When it comes to the costs for equipment, field time, travel and registration, soccer is relatively inexpensive compared with most other team sports. Fields are easy to come by in most communities, and the required apparel is limited to a jersey, shorts, long socks and shin guards. Considering that soccer cleats are probably the most expensive piece of a equipment in a sport that is relatively inexpensive to play, it pays to buy a model that's comfortable and long-lasting. Taking the time to make some minor adjustments is the best way keep your feet performing well.
Things You'll Need
- Soccer equipment catalog or Internet access to online soccer shoe shop.
- Mink oil
- Extra pair of laces, different in length than the ones that came with the shoes.
- Sports insoles or heel pads (if necessary)
Picking out the right cleats for yourself, and making them last
Browse and consider a variety of soccer shoes in catalogs like Europort, soccer supply websites and local sporting goods stores. Understand how the sizes and designs vary by brand. For example, certain models of Adidas shape closely to the contour of your feet, while many boots by Nike are a good fit for wider feet. Several types have an extra layer of rubber or synthetic material around the instep area for shooting the ball harder. High-end models can exceed $150, and some sellers can put your number or initials on the back of the boot.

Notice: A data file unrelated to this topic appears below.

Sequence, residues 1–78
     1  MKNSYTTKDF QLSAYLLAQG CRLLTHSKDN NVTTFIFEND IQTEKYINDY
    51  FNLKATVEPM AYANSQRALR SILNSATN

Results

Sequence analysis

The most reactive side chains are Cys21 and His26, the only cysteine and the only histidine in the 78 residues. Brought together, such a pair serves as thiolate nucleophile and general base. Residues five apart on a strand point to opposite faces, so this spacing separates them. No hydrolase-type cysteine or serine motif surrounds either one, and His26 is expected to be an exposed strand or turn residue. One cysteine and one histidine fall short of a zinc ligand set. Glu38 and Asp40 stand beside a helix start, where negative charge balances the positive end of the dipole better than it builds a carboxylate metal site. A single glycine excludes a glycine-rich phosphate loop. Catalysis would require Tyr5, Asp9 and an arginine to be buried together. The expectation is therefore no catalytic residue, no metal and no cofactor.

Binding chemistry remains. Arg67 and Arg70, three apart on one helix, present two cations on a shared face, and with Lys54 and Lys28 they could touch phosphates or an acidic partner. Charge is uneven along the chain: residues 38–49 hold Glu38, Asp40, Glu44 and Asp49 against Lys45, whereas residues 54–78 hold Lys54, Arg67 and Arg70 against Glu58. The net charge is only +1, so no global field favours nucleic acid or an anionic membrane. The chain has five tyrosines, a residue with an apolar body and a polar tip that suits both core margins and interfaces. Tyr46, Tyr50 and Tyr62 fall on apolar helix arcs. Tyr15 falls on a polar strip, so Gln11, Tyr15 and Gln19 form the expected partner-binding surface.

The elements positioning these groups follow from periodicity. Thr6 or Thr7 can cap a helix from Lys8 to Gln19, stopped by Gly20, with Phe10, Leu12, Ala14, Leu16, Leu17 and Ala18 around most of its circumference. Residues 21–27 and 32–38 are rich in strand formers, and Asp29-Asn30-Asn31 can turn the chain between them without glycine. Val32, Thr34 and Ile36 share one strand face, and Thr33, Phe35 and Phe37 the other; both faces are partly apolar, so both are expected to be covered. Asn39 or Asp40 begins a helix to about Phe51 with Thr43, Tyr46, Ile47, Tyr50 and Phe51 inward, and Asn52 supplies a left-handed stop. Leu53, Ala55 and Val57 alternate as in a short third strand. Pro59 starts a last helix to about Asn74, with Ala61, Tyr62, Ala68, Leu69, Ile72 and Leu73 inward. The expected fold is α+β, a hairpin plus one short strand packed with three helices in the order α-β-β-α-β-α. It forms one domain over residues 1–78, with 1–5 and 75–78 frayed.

Make your selection based on your budget, style of play and, if you're able to try them on, comfort level. For outdoor soccer, the primary decision is whether to buy molded cleats or screw-in cleats with removable metal (or plastic replacement) studs. Screw-ins offer traction advantages in muddy playing conditions and may enhance the mechanics of planting your front foot before shooting or long kicks, but they require a good deal of maintenance to keep the thread marks on the studs from deteriorating. They are not allowed in many youth leagues because of their potential to injure other players.
Apply mink oil or a similar product to waterproof the boot. Jog in the boots and practice turns, cuts, sprints and running backwards to get a feel for what kind of sock thickness you'll need to avoid blisters. Ideally, this should be done on your own, not during a team practice. Keep an extra pair of laces on hand in case the ones that came with the shoes are too long or to short. If you get a blister or pain due to lack of arch or heel support, it's up to you to decide whether you want to endure some of the pain to break the boot in and condition your foot to it, of if you want to apply extra padding inside the boot for relief and comfort.
Tips & Warnings
- Don't rule out a particular model just because it's not made of a popular type of leather or because it has some plastic materials. Many high-end soccer shoes now contain durable, lightweight synthetic materials. Leather can dry out and become brittle if not maintained properly.
- Use mink oil regardless of whether the box or label says the boot is already waterproof. The boot might have some vulnerable areas.
- Sports insoles or heel pads are not the only ways to deal with foot pain, according to Runners Rescue (Reference 1, http://www.runnersrescue.com/Heel_Pain_Running.htm). There are a variety of stretches, exercises and even diet changes that help avoid foot strains or repair damaged muscles after pain sets in.
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